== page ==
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The Anthropocene is official – but what does this mean for the future health of planet Earth?

By Jennifer Cole, Royal Holloway, University of London

In recent months, there has been increasing academic and public discourse over the continued damage modern lifestyles are inflicting on our planet. The term ‘planetary health’ has emerged as a catch-all for addressing issues as diverse as climate change, plastic pollution, antibiotic resistance, increasing meat consumption and poorly-planned urban expansion as well as a call to action to address the challenges of the Anthropocene – the ‘Age of Man’ – which recognises that the challenges the Earth currently faces are, largely, inflicted by humans. There has never been a more pressing need to ensure the scientific community has a common platform from which to research, understand and influence action on the environmental damage inflicted by the modern lifestyles enjoyed in the developed countries of the Global North.

Urban smog in China.
Photo: Pixabay

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“The warnings of impending doom are real but the timeframe is very much up for debate”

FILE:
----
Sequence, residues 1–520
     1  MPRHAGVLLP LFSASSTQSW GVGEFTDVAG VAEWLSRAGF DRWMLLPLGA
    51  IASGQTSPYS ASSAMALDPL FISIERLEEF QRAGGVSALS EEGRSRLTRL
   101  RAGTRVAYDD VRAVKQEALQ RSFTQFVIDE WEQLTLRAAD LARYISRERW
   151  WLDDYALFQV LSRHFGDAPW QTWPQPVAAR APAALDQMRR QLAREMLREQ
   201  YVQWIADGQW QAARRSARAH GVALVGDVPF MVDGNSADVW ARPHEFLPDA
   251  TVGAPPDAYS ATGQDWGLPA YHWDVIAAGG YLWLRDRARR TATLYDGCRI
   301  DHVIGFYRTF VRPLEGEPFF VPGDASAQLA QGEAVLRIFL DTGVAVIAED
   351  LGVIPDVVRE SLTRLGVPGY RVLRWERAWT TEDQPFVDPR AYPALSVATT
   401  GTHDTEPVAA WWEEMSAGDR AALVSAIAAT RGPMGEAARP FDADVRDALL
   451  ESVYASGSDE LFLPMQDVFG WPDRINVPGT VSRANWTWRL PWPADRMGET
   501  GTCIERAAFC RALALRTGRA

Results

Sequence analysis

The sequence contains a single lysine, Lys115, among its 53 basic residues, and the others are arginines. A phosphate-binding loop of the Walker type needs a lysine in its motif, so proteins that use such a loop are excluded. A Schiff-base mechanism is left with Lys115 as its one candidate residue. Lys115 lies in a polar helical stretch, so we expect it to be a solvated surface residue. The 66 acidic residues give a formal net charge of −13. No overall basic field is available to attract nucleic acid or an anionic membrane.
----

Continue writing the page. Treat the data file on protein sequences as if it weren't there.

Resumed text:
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Bananas are eaten the world over but could they really become extinct if a strain of Panama disease takes hold?

Did you know that more than 100 billion bananas are eaten every year in the world, making them the fourth most popular agricultural product? You might also be surprised to learn that Uganda has the highest average per capita consumption in the world, where residents eat an average of 226kgs of bananas per person per year.

In short, bananas are big business – a $35billion global industry as a rough estimate. But all that could come to a crashing halt if the headline in the British Daily Mail newspaper, predicting the fruit’s extinction, is to be believed. The fears are that a strain of Panama disease could wipe out the humble banana putting the food security of millions in Developing World countries that depend upon it for nutrition at risk.

CABI’s very own ‘banana man’ Dr Rob Reeder sheds expert light on the debate and argues that while the diseases is a concern it won’t spell the end of our beloved fruit just yet! Rob explains more…

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In the frame: fighting the scourge of parthenium weed in Pakistan

Parthenium in Pakistan
CABI scientists get to grips with the ‘superior weed’ Parthenium which in India costs around USD 6.7 billion per annum to clear from pastoral land.

CABI has recently shared its expertise in a new parthenium evidence note which highlights a list of recommendations to fight the highly-invasive weed can cause severe allergic reactions in humans and livestock, may harbour malaria-carrying mosquitoes, displace native plant species and reduce pasture carrying capacities by as much as 80% to 90%.

In this picture special, we commissioned photographer Asim Hafeez to capture CABI scientists in the field as part of research which is investigating whether or not the parthenium leaf beetle (Zygogramma bicolorata) can act as an effective biological control for parthenium which is threatening food security and livelihoods in Pakistan.